My name is Gina Purcell and in September 2019 I replaced my 2004 Audi S4 V8 Avant Auto with a nine-month-old Approved Used BMW i3S with 1100 miles on the clock. My other half is Alan, and the day before we picked up my i3S from BMW Sytner Tamworth we were at Tesla’s Heathrow centre to pick up his brand new Tesla Model 3 Performance. Alan’s been using a 2002 Porsche Boxster S as his daily commuter since 2005, and with nearly 190,000 miles, it’s earned its retirement. The Tesla is Alan’s new commuter, as the i3S is my daily runabout and at the time of writing this I’m about two months and 1000 miles into the EV experience and he’s racked up 2500 miles in the same period.
Sadly, there wasn’t enough in the kitty for two Tesla Model 3 Performance cars, so I’ve gone for something completely different. I’ve admired the quirky i3 as I’m as fascinated by clever engineering as I am by performance, and I think of the i3 as something McLaren might come up with as an eco-minded baby brother to accompany any of their range of carbon fibre constructed supercars. Think of Aston Martin and the role their re-badged Toyota IQ, aka the Cygnet, played to the rest of their range to lower their corporate emissions level.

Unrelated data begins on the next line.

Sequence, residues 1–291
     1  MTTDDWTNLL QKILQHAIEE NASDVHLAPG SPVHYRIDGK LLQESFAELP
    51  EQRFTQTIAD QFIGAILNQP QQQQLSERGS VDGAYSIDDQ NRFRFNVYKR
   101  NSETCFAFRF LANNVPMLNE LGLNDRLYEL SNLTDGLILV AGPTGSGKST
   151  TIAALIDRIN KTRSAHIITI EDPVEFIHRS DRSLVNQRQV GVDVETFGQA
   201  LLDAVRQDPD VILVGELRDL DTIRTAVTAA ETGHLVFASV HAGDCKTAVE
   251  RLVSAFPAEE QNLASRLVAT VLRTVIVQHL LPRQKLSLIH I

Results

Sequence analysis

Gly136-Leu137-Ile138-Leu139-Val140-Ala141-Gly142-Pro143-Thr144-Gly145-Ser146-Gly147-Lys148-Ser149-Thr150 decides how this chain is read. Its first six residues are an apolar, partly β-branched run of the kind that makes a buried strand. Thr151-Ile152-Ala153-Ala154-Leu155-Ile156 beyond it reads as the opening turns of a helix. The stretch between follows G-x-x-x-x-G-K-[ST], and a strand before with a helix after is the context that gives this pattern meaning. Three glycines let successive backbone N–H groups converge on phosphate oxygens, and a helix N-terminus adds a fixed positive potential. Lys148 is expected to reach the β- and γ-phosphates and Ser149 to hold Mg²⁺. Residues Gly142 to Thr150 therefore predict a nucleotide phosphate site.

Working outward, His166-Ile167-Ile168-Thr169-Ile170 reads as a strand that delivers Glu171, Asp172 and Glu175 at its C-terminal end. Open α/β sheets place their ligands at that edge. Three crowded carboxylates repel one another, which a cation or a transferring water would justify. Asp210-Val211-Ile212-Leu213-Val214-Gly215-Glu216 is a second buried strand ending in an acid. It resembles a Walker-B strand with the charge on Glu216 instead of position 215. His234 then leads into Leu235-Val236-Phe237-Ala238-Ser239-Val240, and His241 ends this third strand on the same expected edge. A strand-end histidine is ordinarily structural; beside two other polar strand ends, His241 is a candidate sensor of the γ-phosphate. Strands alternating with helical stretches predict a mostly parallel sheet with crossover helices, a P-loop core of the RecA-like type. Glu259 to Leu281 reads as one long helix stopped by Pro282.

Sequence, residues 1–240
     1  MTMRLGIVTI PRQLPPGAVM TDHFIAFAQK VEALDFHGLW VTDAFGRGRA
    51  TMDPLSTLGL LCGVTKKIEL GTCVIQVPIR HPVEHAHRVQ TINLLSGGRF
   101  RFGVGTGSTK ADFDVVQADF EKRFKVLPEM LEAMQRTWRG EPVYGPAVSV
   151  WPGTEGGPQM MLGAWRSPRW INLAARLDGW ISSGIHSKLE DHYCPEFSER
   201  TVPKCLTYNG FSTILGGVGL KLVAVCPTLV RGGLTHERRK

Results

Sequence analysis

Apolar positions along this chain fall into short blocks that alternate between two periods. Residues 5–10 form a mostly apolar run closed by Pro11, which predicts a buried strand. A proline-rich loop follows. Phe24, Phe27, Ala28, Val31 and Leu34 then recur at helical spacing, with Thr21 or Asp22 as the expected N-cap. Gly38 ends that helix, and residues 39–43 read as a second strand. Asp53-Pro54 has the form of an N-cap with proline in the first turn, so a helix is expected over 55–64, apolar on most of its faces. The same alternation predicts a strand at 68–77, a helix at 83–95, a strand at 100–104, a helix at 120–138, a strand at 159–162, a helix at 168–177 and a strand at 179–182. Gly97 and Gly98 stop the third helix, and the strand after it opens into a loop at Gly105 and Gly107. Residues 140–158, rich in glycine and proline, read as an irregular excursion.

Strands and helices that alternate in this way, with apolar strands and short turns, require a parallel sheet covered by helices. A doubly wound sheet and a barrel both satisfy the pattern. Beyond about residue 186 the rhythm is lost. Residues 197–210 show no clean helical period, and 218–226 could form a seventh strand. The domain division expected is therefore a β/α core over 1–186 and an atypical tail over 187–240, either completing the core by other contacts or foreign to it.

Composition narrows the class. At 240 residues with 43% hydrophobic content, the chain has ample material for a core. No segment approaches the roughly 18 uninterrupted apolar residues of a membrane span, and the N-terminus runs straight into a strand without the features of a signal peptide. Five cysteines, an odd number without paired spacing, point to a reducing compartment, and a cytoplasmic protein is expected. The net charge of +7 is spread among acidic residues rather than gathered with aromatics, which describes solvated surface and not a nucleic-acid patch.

That there’s a lightweight EV available to buy with an aluminium chassis mated to a carbon fibre reinforced plastic safety cage and roof, all clad in plastic body panels, with an interior that’s a riot of ecologically-based goodness and textural overload, just simply amazes me. It is rear engined and rear wheel drive, too, just like my old Porsche 911SC! The little i3S is also nearly as fast as my old 911 point-to-point in Sport Mode, which I wasn’t expecting.
We both assumed EV driving wouldn’t be all that different from driving the automatic Audi, but we were wrong. The instant torque of an EV means that you are always in the right gear for any given situation. Neither of us miss gearboxes and shifting, and EV driving is made for quick and safe overtaking.